Written by David Holland
There were rumors of Deadpool making his way into the X-Men movie franchise for a while, but nothing ever panned out. After all, the character just doesn’t seem like the right fit for an ensemble. Then they tried him in X-Men Origins: Wolverine, even letting Ryan Reynolds (whom the character claims to resemble in the comics) play him with… less than stellar results. Any movie that was going to do Deadpool justice would have to be centered on Wade Wilson himself, the so-called Merc with a Mouth. And surely no one would be crazy enough to……
Part of what has made the MCU so successful is consistency. They have a formula and they stick to it. There is going to be some witty banter, a dash of slapstick humor, charming leads, climactic battle sequences with very little human blood, and clear distinctions between good guys and bad guys. That formula has served them well, to the point that MCU movies are basically money-printing machines. But “Deadpool” disrupts all of that. The humor is crude and juvenile, the violence is gratuitous, the language is foul, and what few good guys there are exist as foils to the protagonist.
The result: “Deadpool” either pretty much completely works for you or doesn’t at all.
I respect the risk that “Deadpool” took with an R-rating and the not-at-all subtle genre-skewering. I also won’t pretend to be too high-brow for juvenile humor or to be disturbed by the violence. This film knows exactly what it is, and it never pretends to be anything else, which is the only way it could succeed. The typical blockbuster movie model is to soften all of the edges until you can appeal to the broadest possible audience with that sweet-spot PG-13 rating. “Deadpool” knows its audience, caters specifically to them, and if other people come along, great. The movie stays true to the character – crude, vulgar, sarcastic, fourth-wall breaking, and self-referential.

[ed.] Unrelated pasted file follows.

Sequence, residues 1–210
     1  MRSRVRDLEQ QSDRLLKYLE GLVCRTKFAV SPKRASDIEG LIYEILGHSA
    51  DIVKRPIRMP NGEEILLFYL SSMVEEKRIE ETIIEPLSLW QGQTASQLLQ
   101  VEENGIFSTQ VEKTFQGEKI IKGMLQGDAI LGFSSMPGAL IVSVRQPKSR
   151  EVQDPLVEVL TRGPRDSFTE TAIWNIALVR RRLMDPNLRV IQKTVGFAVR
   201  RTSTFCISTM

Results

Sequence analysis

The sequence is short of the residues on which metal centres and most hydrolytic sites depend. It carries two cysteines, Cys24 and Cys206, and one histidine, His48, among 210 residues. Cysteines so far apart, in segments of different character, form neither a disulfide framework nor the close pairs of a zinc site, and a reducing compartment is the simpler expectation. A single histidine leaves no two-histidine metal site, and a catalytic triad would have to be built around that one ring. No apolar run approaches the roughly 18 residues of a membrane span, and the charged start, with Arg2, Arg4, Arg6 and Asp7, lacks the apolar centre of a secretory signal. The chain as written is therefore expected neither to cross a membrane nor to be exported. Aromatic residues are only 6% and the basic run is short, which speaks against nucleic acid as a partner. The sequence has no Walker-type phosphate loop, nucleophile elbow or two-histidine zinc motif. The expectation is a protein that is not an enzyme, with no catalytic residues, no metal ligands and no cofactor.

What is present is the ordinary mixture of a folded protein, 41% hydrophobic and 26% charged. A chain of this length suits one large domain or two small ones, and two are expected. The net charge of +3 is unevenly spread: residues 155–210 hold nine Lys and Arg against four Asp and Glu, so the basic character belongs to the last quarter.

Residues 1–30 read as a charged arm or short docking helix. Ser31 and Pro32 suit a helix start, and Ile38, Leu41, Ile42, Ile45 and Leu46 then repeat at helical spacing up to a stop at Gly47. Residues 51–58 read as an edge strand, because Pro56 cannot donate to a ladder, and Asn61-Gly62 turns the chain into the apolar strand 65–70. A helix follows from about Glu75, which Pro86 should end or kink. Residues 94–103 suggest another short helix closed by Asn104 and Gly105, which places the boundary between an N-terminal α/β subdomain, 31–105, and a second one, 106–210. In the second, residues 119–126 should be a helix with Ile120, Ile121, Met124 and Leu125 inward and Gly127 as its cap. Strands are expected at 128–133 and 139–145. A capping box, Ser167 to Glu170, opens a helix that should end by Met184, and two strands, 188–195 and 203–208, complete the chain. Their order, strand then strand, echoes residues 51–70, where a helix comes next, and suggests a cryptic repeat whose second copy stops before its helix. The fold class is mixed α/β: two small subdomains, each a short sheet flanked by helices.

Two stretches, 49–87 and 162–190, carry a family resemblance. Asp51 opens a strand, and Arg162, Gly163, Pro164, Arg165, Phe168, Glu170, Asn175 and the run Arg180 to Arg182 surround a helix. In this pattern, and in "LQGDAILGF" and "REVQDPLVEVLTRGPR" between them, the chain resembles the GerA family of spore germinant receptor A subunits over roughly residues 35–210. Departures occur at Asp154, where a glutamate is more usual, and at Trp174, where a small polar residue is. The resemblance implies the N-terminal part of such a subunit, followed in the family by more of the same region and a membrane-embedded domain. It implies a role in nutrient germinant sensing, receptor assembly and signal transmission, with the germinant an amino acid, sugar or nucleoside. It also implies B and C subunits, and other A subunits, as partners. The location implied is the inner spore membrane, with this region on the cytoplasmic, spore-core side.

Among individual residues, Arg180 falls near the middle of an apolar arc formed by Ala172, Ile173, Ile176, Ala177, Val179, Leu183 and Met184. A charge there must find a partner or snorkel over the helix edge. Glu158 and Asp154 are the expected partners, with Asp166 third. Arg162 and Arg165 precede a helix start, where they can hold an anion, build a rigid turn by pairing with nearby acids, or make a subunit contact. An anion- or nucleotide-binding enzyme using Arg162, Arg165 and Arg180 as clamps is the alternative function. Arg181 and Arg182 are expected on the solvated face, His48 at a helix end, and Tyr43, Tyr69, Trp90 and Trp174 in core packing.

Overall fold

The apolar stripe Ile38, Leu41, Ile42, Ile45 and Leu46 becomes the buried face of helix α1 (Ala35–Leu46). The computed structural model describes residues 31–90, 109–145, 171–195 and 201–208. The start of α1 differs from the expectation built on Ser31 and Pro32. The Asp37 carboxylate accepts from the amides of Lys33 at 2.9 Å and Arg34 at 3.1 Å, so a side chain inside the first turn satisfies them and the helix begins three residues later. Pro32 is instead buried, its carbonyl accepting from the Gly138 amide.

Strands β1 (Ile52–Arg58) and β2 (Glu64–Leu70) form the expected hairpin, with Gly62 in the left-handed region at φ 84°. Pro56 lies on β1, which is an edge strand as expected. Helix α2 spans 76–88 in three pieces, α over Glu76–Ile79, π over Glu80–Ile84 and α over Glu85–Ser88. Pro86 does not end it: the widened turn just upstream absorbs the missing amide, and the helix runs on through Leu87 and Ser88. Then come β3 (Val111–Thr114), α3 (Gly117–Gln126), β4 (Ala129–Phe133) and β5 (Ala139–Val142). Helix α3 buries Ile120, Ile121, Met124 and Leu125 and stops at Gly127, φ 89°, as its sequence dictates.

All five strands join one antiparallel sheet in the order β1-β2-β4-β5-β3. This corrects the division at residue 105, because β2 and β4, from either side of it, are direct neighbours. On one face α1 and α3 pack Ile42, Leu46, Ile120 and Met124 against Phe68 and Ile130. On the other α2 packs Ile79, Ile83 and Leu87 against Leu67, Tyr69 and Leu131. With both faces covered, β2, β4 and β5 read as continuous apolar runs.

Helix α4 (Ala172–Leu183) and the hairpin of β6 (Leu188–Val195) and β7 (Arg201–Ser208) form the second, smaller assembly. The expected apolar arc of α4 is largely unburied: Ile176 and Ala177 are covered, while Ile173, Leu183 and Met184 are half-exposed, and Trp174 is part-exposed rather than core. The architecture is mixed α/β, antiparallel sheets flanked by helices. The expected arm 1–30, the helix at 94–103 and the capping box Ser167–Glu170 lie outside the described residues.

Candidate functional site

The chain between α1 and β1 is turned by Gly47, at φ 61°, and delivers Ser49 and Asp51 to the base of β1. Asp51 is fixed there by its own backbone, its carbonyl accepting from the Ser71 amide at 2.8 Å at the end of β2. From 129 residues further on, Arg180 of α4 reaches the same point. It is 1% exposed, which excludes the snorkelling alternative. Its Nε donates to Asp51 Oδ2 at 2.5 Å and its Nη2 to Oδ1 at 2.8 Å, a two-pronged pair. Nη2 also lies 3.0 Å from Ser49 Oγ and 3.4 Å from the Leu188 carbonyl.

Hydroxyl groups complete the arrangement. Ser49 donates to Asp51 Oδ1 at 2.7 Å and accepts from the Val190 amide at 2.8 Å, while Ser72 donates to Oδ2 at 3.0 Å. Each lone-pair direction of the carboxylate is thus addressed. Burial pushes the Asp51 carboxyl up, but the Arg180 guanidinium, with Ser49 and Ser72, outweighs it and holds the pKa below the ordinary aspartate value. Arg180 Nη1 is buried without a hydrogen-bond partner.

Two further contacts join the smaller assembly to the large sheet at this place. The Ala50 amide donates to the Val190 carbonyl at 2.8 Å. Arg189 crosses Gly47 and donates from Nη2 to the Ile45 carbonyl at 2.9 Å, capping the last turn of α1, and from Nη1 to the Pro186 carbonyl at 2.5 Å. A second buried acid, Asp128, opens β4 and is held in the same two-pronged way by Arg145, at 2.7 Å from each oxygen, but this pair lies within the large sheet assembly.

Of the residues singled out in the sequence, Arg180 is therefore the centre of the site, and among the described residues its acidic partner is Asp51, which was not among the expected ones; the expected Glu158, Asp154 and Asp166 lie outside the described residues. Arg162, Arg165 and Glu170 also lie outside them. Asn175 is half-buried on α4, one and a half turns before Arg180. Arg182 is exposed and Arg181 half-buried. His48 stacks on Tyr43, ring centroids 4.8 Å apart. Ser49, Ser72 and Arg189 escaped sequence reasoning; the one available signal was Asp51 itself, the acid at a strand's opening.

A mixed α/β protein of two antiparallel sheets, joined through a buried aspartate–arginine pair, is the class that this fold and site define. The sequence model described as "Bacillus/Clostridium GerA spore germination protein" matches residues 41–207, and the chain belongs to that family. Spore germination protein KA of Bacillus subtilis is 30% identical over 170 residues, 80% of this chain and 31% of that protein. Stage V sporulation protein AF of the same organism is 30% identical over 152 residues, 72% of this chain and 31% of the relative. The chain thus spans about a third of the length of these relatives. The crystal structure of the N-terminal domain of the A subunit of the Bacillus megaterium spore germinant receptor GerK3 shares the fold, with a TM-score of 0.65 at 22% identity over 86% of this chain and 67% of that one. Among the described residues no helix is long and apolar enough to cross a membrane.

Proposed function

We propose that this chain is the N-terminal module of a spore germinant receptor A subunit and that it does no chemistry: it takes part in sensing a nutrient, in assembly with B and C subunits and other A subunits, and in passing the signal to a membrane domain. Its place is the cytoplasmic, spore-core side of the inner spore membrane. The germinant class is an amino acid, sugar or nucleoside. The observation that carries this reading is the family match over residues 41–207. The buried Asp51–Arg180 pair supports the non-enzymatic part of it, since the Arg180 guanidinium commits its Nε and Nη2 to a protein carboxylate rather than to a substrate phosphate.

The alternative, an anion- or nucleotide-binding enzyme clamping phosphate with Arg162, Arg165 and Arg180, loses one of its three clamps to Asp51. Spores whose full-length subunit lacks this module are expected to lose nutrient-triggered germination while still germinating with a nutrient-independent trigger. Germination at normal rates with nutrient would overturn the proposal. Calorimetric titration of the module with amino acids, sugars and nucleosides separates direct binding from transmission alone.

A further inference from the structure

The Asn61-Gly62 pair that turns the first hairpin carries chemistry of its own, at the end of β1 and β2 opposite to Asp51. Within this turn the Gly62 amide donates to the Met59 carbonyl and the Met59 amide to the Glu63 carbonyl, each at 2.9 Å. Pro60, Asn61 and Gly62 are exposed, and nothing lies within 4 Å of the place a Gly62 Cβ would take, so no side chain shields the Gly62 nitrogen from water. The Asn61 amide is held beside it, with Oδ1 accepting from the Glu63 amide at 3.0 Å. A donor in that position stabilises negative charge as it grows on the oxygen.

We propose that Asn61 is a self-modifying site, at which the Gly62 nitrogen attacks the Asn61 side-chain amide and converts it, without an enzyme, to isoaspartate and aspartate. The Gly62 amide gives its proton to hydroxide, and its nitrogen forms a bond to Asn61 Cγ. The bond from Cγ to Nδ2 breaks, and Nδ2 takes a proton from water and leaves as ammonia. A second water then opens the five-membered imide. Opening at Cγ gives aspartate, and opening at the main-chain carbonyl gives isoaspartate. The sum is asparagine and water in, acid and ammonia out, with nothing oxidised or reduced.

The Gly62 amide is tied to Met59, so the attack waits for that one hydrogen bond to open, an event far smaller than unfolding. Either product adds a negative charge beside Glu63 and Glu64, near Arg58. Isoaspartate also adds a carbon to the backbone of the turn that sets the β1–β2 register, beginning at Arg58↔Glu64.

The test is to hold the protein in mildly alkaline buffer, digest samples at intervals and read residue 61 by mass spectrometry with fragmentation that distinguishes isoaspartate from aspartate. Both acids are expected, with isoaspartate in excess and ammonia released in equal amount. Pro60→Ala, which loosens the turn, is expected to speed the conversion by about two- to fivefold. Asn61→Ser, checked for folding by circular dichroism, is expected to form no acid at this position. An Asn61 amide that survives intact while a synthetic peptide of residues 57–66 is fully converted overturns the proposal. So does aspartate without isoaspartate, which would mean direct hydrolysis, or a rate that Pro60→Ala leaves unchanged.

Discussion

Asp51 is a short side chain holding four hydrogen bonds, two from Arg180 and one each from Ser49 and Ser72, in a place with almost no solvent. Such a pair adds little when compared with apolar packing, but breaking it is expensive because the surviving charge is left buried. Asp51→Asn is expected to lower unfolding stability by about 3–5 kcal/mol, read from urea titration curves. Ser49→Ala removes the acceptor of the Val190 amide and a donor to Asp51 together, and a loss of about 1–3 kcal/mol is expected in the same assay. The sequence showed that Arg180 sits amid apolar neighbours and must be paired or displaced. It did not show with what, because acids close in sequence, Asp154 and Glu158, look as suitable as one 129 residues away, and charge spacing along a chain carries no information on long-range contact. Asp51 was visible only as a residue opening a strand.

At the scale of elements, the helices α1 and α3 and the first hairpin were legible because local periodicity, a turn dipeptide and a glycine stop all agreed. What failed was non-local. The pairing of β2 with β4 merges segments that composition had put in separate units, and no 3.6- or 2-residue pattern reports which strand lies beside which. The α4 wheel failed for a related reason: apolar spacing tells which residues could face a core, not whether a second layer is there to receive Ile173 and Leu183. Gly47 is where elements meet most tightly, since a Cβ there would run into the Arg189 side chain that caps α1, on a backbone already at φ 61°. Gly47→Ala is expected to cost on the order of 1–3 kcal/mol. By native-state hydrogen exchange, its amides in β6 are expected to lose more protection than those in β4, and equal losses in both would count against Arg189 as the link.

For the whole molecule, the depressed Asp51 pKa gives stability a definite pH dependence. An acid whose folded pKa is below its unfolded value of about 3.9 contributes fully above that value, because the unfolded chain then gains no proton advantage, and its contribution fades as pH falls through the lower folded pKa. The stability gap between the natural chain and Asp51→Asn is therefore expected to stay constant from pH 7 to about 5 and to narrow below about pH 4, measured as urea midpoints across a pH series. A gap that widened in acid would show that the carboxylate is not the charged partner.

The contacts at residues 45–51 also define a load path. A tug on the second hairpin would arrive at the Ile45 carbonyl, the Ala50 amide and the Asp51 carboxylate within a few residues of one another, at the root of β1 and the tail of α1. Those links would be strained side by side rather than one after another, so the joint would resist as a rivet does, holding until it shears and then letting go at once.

On one storytelling note, I do like the origin story being told in the series of flashbacks. We start with Deadpool full on in the red suit and cut back and forth between that present and Wade Wilson’s past. For a movie that probably could have gotten away with a linear story, this was a nice touch.
Pretty much all superhero movies are wish-fulfillment on some level. The idea that there could be people with extraordinary powers who use them to help mankind and right wrongs, usually while hiding behind a secret identity, is baked into our culture at this point. But Deadpool, both as a character and as a movie, takes that wish fulfillment to a whole new level. What if there aren’t just people with incredible powers, what if there are people with incredible powers who are also Reddit-boards come to life?
There’s a strain of nerd-fan who wants the superpowers because they want the rules to not apply to them and that sort of person can find the wrong comfort in “Deadpool”. In this film the protagonist is not bound by any sort of moral code and only vaguely references “not letting this [mutant experimentation] happen to anyone else”. This comes after emphasizing a desire to inflict deadly violence on the people who wronged him and his girlfriend, whose personality probably doesn’t seem realistic to anyone who has met an actual real woman. My problem is not so much with the movie, which I think accomplished exactly what it set out to accomplish whether or not you like it. My problem is that if you find yourself really REALLY connecting with the character of Deadpool, maybe take a step back and examine yourself. We already have too many guys who will slap a Punisher symbol on their pickup-truck next to their Gadsden flag. We don’t need Deadpool guys too.
“Deadpool” knows what it wants to do, does it well, and doesn’t care if you don’t like it.